Absent challengers on the Republican ticket, Merchantville’s incumbent Democratic Mayor Ted Brennan pulled in (911 votes) to retain his office. Maria Nina Scarpa (888 votes), Daniel Sperrazza (862 votes), and Sean Fitzgerald (908 votes) all will join the borough government; they faced no balloted challengers.
Democratic Oaklyn council members Greg Brandley (1,057 votes) and Chris Walters (1,058 votes) were returned to the local government absent any balloted challengers, as was Sarah McCleery-Cairns (1,006 votes), who defended her unexpired seat on the borough council.
School Board Races
Incumbent Audubon Board of Education vice-president Allison Cox (1,941 votes) and board member Jim Blumenstein (1,634 votes) retained their seats on the governing body, absent any balloted challengers.
The Cherry Hill Board of Education will welcome three new board members, who emerged from a crowded field to claim three open seats.
Challengers Sally Tong (5,994 votes), David Rossi (5,333 votes), and Laurie Neary (4,895 votes) outpaced the pack.
The trio beat out incumbents Kathryn Bay Judge (4,059 votes), Ken Tomlinson, Jr. (3,440 votes), and J. Barry Dickinson (3,121 votes).
They also pulled ahead of fellow challengers Rosy Arroyo (3,473 votes), Sanjay Sharma (3,261 votes), Benjamin J. Shore (3,208 votes), Fredrick Dande (2,323 votes), and Brunia Pilet (1,901 votes).
The Collingswood Public Schools Board of Education race ended with challengers Christine Celia (2,634 votes) and Mary Saverino (2,461 votes) joining incumbent Regan Kaiden (2,336 votes) on the board.
Challengers Bill Johnson (1,802 votes) and Danie Moss-Velasco (1,393 votes) missed the cut.
Incumbent Haddon Township Board of Education members Allison Rodman (3,321 votes) and James Lex (3,040 votes) retained their seats absent any challengers on the ballot.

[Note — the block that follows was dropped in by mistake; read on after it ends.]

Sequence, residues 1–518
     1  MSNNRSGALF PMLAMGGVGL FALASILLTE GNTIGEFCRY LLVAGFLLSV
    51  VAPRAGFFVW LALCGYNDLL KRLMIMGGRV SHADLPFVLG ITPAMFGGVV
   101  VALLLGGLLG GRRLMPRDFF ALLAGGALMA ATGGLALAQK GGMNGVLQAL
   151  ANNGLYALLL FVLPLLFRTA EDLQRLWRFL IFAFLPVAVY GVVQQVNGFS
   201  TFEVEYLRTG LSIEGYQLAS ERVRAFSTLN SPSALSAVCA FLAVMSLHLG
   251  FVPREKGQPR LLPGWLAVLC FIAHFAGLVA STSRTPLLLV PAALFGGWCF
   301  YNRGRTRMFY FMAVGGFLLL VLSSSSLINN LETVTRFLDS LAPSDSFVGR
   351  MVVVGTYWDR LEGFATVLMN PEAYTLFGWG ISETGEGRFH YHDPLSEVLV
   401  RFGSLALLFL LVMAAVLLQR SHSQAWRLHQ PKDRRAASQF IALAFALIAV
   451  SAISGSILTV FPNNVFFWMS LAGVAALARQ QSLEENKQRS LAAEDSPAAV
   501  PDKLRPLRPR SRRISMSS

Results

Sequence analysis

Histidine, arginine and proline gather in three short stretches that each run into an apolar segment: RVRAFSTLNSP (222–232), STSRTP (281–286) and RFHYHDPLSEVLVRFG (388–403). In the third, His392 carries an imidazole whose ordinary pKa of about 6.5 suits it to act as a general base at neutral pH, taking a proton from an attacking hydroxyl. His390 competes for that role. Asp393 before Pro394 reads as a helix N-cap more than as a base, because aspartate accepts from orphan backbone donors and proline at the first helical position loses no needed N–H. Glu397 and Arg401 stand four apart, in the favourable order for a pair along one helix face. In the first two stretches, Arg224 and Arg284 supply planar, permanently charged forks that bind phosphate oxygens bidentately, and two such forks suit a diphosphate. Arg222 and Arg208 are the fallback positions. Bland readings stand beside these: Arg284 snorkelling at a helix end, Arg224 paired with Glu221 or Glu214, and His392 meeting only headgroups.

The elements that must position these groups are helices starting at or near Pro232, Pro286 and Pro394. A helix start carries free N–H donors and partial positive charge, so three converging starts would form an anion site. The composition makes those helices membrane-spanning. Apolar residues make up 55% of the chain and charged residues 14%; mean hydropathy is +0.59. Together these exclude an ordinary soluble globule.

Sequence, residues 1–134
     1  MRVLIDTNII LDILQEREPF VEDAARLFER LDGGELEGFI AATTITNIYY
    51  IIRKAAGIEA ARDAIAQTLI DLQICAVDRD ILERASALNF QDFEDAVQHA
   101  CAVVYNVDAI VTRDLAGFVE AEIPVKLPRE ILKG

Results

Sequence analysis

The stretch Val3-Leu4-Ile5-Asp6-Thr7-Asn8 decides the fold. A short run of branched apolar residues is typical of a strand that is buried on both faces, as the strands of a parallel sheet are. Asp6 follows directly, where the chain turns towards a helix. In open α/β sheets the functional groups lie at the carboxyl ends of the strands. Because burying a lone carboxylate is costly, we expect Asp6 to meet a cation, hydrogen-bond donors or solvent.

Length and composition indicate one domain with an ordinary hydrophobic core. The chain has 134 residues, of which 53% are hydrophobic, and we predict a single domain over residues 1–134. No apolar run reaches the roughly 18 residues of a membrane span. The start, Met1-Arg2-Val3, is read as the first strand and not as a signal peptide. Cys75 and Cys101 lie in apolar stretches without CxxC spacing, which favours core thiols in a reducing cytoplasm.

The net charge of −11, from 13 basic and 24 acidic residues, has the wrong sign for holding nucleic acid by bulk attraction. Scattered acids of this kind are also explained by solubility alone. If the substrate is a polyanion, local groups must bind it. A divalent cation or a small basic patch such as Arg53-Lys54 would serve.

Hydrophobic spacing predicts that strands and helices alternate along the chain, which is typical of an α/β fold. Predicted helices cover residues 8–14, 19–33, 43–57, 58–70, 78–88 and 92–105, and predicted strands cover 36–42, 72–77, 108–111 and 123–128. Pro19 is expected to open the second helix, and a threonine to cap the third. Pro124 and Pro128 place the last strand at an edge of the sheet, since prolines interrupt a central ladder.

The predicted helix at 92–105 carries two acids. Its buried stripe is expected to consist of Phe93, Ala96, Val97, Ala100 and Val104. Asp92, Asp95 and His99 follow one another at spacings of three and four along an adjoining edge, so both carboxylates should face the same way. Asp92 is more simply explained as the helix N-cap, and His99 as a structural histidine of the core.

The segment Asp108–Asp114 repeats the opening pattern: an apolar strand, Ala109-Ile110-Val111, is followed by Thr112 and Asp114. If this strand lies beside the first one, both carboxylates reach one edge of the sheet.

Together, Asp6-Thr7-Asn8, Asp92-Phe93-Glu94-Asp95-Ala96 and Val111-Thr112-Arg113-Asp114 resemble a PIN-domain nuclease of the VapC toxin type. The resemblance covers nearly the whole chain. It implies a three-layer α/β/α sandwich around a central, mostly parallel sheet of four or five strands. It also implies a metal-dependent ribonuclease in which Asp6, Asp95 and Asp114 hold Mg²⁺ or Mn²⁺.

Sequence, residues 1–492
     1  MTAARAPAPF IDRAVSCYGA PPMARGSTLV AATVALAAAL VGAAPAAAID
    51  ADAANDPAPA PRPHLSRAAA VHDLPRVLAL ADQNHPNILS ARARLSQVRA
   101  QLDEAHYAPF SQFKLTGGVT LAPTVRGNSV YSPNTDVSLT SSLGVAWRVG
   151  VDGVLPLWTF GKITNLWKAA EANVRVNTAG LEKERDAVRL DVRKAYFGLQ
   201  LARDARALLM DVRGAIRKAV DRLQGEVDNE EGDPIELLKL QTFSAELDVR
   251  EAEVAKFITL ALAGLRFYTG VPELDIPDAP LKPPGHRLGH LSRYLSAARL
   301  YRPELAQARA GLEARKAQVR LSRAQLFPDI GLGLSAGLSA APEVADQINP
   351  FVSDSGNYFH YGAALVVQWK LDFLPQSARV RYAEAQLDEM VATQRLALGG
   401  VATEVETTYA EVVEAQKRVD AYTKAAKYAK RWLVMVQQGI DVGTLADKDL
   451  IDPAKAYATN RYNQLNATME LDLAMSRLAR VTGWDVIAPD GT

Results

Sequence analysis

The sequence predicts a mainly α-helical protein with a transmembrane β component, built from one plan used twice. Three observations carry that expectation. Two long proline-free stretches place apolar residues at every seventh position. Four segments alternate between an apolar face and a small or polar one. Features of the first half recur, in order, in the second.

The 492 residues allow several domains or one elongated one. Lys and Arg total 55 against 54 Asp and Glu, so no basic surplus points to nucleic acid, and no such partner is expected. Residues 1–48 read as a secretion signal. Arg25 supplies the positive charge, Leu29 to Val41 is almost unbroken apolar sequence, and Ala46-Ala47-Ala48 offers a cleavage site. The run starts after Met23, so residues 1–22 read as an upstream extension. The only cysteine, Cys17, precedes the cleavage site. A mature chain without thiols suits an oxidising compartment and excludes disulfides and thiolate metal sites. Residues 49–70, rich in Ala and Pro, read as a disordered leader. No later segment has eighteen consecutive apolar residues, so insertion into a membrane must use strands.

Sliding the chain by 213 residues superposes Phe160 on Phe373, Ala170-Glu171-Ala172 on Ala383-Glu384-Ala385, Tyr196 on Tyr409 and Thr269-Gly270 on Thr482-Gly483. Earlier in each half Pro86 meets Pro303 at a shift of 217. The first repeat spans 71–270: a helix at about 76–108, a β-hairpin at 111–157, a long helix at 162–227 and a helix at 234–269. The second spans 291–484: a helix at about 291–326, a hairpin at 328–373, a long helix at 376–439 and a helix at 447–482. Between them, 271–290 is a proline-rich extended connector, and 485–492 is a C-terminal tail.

Another 1,444 write-in votes were cast for the third open seat on the body; the results of those votes are not yet known.
The Haddonfield Board of Education returned two incumbents to office on Tuesday, Adam Sangillo (2,142 votes) and Susan Kutner (2,088 votes)
They’ll be joined on the body by challenger Roosevelt “Justin” Benford (1,984 votes).
The odd man out was Satwik Seshasai (1,664 votes).
After a hotly contested race for Haddon Heights School Board, challengers Melissa Shannon (1,245 votes) and David Clapper (1,106 votes) were elected to the body alongside incumbent member Trish Sheilds (1,152).
Challenger David Roeber (916 votes), incumbent president Kimberly Stuart (903 votes), and incumbent board member Tina Gentile (833 votes) fell short of the mark.
Incumbent Merchantville Board of Education president Eliot Honigfeld (613 votes) and incumbent board member Marc Carcanague (562 votes)won re-election in an uncontested race.
Another 184 write-in votes were cast for the third open seat on the body; the results of those votes are not yet known.
Incumbent Oaklyn Board of Education members Denise Buczko (782 votes), Matthew Hale (779 votes), and Therese Marmion (777 votes) were re-elected to the governing body absent any balloted challengers for their seats.
There were no contested seats on the Pennsauken Board of Education this year.